Label: Detroit Underground
Release Date: 28/11/2014
Yu Miyashita takes the form of two very different projects. More recently, he has been composing under his birth name, painting boundless, cinematic soundscapes and employing his craft as a professional sound designer to stretch the imagination far beyond its borders. Much, much more could be written on Miyashita’s ambient work (see here) but it’s his longer running project - Yaporigami - that I’ll concentrate on for the moment. The Yaporigami project is markedly more ‘physical’ than the other, and is grounded in heavy-duty dynamics and painstaking attention to detail. His latest release on Detroit Underground serves as something of a manifesto of this more rhythmically-driven sound; a chapter of his dance floor work enclosed in one release.
Despite the fact that the track names on this EP are variations of the same verb; ’Am’, ‘Is’, ‘Are’, ‘Was’, ‘Were’, ‘Be’, ‘Being’ and ‘Been’, the music of Yaporigami is far from one thing. Take ‘Be’; a nauseating vacuum filled with motor-driven glitches and stomach-turning glissandos of cello, or ‘Was’; a deformed cousin from Objekt’s neo-electro family but underpinned with snarling growls of sub-bass. ‘Is’ lumbers forward haphazardly with giant mechanical steps, whilst the EP’s closer, ‘Been’, feels like a lethargic smack in the face before the final bell of a boxing match. Each time the sound feels graspable, Miyashita moves one step ahead, leading the listener down a garden path before pulling the rug beneath your feet. Even the name of this EP evades total comprehension, each word knocking the reader sideways down a jagged alley; ‘drudged’, ‘torn’, ‘routine’…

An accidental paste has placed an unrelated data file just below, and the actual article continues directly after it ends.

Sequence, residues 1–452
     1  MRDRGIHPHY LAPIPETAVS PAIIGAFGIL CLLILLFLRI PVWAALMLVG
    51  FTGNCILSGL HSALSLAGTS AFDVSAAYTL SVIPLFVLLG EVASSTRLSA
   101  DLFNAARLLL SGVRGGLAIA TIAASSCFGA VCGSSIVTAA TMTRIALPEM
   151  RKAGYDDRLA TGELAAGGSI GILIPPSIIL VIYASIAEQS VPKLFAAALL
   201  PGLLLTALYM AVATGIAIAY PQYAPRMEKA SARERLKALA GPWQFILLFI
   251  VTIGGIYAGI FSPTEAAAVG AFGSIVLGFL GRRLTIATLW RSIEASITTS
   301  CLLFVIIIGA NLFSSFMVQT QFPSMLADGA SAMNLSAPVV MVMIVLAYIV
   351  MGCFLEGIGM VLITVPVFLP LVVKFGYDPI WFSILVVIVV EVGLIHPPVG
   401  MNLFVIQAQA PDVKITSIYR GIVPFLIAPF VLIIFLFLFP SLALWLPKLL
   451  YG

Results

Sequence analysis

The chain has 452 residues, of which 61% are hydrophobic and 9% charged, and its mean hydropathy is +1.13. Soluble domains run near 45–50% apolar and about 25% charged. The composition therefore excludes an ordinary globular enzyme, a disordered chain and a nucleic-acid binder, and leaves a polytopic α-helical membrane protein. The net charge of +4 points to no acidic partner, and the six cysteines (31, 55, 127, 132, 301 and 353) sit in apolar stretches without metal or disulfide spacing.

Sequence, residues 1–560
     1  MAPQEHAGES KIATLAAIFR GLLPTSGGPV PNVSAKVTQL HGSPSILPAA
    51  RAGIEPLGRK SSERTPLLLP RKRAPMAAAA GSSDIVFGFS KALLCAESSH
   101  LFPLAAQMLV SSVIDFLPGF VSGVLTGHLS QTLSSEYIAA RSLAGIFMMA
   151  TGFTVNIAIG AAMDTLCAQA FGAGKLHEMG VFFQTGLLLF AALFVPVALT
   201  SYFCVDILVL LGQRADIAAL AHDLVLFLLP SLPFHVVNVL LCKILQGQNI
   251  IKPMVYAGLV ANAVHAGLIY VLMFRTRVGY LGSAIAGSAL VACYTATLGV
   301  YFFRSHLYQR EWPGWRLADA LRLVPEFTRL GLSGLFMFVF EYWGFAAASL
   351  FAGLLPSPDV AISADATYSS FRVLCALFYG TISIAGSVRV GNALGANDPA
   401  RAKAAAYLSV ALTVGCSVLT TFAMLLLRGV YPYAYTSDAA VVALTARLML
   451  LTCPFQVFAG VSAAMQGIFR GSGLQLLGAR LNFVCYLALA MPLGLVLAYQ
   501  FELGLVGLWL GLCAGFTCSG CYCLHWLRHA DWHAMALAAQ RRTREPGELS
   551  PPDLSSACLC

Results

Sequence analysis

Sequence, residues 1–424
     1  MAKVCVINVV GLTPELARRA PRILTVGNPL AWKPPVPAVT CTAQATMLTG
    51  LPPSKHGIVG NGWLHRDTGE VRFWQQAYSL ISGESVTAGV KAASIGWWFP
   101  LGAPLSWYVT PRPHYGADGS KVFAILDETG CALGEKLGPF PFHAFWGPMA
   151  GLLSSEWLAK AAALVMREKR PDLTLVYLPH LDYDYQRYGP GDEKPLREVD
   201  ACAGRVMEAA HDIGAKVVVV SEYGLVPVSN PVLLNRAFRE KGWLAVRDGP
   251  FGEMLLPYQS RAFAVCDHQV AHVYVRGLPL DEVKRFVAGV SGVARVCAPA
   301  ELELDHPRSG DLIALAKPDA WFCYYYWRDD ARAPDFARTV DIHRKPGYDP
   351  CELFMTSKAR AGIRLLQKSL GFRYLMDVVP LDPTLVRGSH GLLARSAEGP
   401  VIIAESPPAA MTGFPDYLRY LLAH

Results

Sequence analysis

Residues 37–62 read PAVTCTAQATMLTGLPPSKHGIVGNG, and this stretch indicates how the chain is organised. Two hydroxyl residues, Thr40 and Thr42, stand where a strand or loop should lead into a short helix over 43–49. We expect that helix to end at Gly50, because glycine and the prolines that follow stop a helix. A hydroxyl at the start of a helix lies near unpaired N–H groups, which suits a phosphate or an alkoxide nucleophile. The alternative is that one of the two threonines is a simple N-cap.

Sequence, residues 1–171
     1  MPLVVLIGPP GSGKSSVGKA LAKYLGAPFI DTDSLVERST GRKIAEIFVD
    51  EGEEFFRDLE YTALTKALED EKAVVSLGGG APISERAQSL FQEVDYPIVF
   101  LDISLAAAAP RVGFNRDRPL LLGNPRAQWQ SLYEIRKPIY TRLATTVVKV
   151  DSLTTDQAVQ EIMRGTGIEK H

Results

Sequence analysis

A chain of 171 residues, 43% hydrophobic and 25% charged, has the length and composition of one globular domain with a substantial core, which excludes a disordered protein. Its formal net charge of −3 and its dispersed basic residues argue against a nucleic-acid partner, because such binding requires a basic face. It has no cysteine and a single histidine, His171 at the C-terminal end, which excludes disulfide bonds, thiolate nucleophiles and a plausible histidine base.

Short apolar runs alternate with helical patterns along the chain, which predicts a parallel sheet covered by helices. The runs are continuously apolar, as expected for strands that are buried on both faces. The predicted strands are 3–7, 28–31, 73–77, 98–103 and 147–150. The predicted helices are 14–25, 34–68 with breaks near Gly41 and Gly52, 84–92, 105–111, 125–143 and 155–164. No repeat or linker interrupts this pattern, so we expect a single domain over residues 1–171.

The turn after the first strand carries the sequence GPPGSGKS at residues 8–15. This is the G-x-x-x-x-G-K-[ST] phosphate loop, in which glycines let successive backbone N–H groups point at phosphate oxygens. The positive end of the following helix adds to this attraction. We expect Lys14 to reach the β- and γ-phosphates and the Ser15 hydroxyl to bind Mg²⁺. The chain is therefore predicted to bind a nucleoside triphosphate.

It’s difficult to pinpoint exactly what makes the Yaporigami work stand out. Indeed, it’s difficult to tease out any specific feature of Miyashita’s music that can be isolated and examined more closely. Instead, every idea woven is from the same fabric, each texture intertwined with another, anonymously blending together in stealthy unification. Sure, there are semblances of convention that we may cling to as a listener - the pounding thud of peak-time kicks on ‘Am’, for example - but it’s impossible to separate these features from the overarching structure, so skillfully entwined are the elements of each and every piece.